“Lucy” Adds Nothing To Summer Fare


LOGOThank the powers that be for television. This has been such an atrociously abysmal summer for films that had the programming on the small screen not been so exceptionally good, I would have spent the last few months writing reviews of films I didn’t want to watch. I was just about ready to give up on the silver screen when “Jersey Boys” arrived in theaters and offered me a glimmer of hope that Tinseltown was not dead.

And when I saw the trailers for “Lucy,” a sci-fi thriller starring Academy Award-winner Morgan Freeman and the talented and beautiful Scarlett Johannson, I thought perhaps we were moving back in the right direction and may actually see some good films before summer fades into fall. Thus my hopes and expectations were high as I settled in to watch “Lucy,” but, alas, they soon were dashed by a film that just really never developed. (Pun intended.)

Lucy (Johansson) is an American who lives in Taipei, Taiwan, whose boyfriend is involved in drugs and who coerces her into making a delivery to his boss, Mr. Jang (Choi Min-Sik). Now Jang is a ruthless Korean drug kingpin, to whom Lucy delivers a briefcase handcuffed to her in his hotel room. The case contains CPH4, an incredibly expensive synthetic drug capable of increasing the brain function and capacity of anyone who uses it.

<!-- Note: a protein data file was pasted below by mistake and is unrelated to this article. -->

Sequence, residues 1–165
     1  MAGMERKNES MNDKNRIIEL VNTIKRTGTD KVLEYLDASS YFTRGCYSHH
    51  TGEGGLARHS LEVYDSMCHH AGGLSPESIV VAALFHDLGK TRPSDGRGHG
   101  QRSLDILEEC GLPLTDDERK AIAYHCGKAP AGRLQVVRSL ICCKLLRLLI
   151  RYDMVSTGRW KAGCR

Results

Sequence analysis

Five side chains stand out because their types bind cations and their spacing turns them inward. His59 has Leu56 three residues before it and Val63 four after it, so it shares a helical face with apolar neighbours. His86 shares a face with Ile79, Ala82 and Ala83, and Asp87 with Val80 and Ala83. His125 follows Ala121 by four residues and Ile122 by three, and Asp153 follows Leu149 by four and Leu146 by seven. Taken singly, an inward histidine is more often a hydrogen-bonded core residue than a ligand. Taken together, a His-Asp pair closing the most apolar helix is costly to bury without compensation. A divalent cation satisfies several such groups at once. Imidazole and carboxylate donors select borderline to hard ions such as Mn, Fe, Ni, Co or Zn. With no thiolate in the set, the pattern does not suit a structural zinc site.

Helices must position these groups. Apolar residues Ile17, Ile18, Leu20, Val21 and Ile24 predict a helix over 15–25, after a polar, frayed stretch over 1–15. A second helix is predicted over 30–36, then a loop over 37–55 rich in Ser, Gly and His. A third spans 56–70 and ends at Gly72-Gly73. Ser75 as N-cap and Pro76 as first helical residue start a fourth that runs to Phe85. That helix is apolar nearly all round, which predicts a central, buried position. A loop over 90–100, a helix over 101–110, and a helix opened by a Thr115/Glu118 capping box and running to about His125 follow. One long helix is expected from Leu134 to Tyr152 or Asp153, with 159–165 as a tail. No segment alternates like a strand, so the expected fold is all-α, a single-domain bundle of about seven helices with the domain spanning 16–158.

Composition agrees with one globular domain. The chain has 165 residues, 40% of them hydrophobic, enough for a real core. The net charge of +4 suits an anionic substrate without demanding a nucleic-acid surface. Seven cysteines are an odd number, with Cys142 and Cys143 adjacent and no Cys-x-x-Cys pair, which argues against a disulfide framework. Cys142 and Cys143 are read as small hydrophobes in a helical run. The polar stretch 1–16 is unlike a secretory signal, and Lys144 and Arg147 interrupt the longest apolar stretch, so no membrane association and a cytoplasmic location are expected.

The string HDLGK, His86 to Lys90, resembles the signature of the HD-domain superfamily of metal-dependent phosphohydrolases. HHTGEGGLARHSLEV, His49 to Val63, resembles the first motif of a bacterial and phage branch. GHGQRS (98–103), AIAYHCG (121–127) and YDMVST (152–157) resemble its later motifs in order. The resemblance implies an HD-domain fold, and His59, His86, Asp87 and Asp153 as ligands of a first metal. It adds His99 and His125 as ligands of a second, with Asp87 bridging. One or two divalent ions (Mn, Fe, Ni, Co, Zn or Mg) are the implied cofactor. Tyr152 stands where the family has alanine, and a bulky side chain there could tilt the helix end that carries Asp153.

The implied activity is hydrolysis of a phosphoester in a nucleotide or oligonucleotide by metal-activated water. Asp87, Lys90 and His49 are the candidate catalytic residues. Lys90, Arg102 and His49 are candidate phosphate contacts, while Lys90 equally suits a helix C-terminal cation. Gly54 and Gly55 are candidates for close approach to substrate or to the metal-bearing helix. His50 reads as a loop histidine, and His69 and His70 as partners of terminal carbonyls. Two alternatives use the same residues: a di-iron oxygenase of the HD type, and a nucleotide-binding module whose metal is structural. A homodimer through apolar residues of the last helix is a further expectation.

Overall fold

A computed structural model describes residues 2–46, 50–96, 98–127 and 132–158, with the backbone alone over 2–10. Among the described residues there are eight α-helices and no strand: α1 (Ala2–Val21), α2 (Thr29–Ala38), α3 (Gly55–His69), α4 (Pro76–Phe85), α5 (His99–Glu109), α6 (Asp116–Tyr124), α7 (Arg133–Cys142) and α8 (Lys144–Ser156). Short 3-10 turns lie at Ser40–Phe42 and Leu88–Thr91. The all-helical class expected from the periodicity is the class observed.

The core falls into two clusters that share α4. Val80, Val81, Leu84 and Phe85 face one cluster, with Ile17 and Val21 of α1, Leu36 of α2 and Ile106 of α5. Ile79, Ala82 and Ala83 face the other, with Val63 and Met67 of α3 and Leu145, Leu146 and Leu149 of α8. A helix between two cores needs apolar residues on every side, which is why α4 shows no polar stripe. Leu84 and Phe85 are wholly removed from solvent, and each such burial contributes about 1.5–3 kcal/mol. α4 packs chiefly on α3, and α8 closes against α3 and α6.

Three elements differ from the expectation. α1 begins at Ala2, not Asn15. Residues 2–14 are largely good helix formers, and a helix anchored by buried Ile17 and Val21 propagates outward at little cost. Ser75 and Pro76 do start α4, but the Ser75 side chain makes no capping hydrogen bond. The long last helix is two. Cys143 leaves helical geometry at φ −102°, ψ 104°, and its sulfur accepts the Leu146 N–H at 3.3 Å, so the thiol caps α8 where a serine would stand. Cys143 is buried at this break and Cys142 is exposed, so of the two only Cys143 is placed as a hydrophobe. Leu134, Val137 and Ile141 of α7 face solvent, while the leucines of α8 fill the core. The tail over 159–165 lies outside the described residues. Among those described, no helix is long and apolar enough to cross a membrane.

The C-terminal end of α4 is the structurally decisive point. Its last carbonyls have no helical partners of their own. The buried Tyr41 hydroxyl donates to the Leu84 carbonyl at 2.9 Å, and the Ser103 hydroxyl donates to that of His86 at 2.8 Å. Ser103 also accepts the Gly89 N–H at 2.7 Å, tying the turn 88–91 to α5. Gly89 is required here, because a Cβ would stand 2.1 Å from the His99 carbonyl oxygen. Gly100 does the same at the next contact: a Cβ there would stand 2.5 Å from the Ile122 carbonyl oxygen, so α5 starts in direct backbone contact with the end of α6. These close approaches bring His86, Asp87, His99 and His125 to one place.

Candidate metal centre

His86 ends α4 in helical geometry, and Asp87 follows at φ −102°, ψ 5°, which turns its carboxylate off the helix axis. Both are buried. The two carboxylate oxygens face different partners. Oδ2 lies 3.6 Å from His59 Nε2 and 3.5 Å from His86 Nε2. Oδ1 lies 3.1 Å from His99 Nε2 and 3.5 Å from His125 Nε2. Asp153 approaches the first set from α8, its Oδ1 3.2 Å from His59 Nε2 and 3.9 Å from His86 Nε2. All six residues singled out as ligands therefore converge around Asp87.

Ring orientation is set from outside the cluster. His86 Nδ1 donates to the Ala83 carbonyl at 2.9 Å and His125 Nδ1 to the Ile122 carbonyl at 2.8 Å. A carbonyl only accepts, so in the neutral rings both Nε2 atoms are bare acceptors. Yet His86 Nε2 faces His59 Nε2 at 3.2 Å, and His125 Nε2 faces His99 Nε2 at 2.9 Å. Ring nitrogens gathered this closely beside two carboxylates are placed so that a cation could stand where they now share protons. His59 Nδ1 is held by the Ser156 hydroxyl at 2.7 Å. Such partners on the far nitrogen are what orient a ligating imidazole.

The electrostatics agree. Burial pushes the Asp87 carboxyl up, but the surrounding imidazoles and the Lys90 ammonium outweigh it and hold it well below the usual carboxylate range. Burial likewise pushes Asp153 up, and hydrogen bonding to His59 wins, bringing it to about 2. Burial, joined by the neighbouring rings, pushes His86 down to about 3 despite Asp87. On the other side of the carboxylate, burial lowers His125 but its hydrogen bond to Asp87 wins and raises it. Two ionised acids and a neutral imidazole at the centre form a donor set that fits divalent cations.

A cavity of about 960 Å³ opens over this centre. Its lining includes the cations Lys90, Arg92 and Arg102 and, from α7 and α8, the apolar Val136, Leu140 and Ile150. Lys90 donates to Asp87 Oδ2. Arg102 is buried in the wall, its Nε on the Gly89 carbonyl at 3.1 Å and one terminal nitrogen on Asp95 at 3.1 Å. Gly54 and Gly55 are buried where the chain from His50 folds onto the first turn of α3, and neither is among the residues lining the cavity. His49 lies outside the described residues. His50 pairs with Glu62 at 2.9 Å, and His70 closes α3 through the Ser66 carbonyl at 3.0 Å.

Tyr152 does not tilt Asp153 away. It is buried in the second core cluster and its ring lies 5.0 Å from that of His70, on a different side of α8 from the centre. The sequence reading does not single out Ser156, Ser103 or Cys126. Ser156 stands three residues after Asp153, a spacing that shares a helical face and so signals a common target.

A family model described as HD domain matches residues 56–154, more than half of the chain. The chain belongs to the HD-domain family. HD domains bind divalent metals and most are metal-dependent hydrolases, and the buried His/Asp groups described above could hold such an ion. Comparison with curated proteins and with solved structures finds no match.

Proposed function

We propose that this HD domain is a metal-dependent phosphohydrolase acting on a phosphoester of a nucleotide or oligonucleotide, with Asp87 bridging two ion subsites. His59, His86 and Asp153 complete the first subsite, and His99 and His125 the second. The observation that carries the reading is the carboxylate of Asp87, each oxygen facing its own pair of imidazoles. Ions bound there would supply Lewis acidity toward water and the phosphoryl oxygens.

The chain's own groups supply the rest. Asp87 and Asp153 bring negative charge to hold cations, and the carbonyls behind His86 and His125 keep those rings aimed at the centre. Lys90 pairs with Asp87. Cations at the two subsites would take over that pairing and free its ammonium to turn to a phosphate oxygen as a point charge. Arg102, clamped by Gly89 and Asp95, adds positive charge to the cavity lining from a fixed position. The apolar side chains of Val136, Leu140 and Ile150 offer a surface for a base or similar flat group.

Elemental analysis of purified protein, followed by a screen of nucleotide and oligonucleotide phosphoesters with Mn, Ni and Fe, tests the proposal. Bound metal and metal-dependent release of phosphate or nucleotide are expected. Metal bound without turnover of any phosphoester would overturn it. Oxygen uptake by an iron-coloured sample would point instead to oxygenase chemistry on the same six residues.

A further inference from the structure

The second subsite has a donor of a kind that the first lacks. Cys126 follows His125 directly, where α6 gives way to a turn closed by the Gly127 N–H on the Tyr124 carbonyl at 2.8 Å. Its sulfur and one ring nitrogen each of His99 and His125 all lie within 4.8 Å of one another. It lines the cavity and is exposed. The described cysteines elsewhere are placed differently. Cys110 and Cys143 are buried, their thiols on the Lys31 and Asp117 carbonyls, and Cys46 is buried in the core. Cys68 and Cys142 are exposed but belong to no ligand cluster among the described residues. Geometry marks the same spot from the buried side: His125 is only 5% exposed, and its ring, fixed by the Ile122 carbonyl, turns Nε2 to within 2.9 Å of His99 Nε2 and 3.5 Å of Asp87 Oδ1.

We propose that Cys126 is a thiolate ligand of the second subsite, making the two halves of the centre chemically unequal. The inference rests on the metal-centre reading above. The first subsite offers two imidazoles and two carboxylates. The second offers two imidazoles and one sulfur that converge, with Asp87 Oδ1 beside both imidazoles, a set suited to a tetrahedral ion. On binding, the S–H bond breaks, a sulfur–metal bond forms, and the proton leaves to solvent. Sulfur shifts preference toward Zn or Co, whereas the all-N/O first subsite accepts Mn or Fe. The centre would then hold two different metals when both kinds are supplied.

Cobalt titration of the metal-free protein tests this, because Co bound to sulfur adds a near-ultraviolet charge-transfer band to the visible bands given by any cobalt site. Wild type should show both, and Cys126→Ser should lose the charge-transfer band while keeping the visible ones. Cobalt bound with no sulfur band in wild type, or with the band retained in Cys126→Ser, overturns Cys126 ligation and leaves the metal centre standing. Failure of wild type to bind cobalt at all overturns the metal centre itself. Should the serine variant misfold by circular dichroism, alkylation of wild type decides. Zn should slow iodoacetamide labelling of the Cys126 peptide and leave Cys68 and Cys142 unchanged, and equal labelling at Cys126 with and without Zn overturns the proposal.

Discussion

The drug is packaged to be sewn into the abdomens of Lucy and other “drug mules” so they can smuggle the stuff into Europe, where the dealers hope to make a huge profit from it. But things take an unexpected turn when one of the thugs involved in the process decides to treat Lucy to a beating during which he kicks her in the stomach.

Unfortunately for the bad guys, the foot to the abdomen ruptures the drug package inside Lucy, and some of the stuff seeps into her system with terrifying results. As more and more CPH4 courses through her veins, Lucy turns into human anomaly with superhuman powers. Her mind becomes a virtual sponge capable of instantly soaking up vast amounts of knowledge, and her strength increases to the point where she would give Superman one hell of a battle. She also develops telekinetic powers, the ability to travel through time mentally, and immunity to any pain.


Lucy knows she must find some way of harnessing her increasing powers, and to this end she contacts Professor Norman (Freeman), a noted scholar and scientist who may be the only one capable of helping her. Additionally, Lucy is determined to find Jang and make him pay for what he has done to her.

Although “Lucy” seemed to have significant potential, it never really lived up to it. This was a difficult film for me to evaluate because I wanted to like it, but when it was over, all I could think of was that it was a waste of both my time and two very fine performers in Freeman and Johansson. This is not to say they were bad in their respective roles. They weren’t. In fact, Johansson excelled in an extremely physically demanding part, but Freeman never really had a chance to demonstrate his prowess as an actor. Of course this really wasn’t his fault because he simply played the part as it was written, and perhaps some of the problem was with the script.